Duration: More than 3 hours
Price Guide: $13
Home to the stunning Blue Mountains and at 2500 feet above Sydney; the town of Katoomba is a welcome breath of fresh air – so idyllic are the surroundings that many a poet and artist have chosen to reside here! Bush and nature walks are hugely popular; particularly to the Three Sisters, the Ruined Castle, Katoomba Falls and Echo Point. For those not fit enough to go clambering up and down mountains, there are adventure tours which can show you the sights and take you on some more user-friendly walks. Get off at Katoomba Station (approx two hours from Sydney Central station on the Great Western Highway; tickets around $13 return).
Katoomba (Aboriginal for shining, falling water) is a quaint but charming town; with a surprising number of good cafes and restaurants packed into its small stretch of high street, along with a few random antique and book shops. If you find yourself in need of camping gear, there are several stores dotted around. You’ll also find a large Coles tucked away on Watarah Street (turn right off Katoomba Street near the bottom of the hill). As far as accommodation goes, there are a couple of backpacking hostels near the station, but in all honesty, if you’re coming to see the Blue Mountains, it’s easier, cheaper and much more fun to camp!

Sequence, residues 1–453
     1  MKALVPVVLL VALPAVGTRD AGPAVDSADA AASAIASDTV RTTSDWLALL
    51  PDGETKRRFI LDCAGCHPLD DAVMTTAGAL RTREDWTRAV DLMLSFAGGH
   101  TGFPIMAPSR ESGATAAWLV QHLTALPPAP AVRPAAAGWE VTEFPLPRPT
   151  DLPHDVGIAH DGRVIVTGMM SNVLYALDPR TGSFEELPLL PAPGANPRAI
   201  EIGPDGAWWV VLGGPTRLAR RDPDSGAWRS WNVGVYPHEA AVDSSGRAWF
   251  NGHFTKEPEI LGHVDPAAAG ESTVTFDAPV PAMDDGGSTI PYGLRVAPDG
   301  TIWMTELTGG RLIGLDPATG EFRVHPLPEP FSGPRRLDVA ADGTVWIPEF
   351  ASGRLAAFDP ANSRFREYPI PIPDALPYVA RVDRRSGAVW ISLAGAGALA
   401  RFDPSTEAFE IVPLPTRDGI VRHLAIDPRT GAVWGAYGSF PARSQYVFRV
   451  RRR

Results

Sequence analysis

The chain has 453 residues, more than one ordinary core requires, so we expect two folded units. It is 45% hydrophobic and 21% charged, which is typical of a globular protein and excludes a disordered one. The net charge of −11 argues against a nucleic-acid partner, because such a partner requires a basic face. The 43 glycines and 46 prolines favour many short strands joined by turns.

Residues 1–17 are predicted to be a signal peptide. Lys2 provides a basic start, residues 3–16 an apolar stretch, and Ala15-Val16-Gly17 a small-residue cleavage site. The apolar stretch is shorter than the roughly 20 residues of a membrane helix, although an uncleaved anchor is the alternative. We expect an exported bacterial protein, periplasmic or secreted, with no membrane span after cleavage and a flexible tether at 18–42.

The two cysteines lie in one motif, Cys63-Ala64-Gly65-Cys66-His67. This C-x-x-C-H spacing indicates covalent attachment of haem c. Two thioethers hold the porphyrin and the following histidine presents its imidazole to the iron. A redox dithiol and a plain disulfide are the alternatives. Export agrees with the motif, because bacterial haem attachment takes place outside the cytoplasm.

As you exit the station you will walk onto Katoomba Street. Follow this straight. Continue walking down Katoomba Street. After about 10 minutes you will pass through the high street – continue for another 10 minutes and there will be a turning to the right down a steep hill; Katoomba Falls Road. Follow this down.
At the bottom of the hill there is a large picnic area, which also has barbeque facilities. Be warned though, you can’t camp here. Even if you try and hide your tent behind a bush (we tried and failed badly at this) someone will come and move you. So don’t waste your time.
The entrance to the Caravan Park is around the corner on the right. If you’re not staying in there, but are sleeping nearby and don’t fancy squatting in the bushes, there are public toilets on the far right. Directly opposite is a kiosk where you can get food and snacks.
The local tourist information office will be able to tell you which of the camping grounds are free, open and have places left to camp. As this can change from day to day – differing weather conditions can close camp grounds – it’s best to check when you get up there.
If you do decide you want to camp in the mountains instead, there is an information board opposite; to the far right of the kiosk. Take a look at the map to get an idea of where you could go and how long it’ll take you.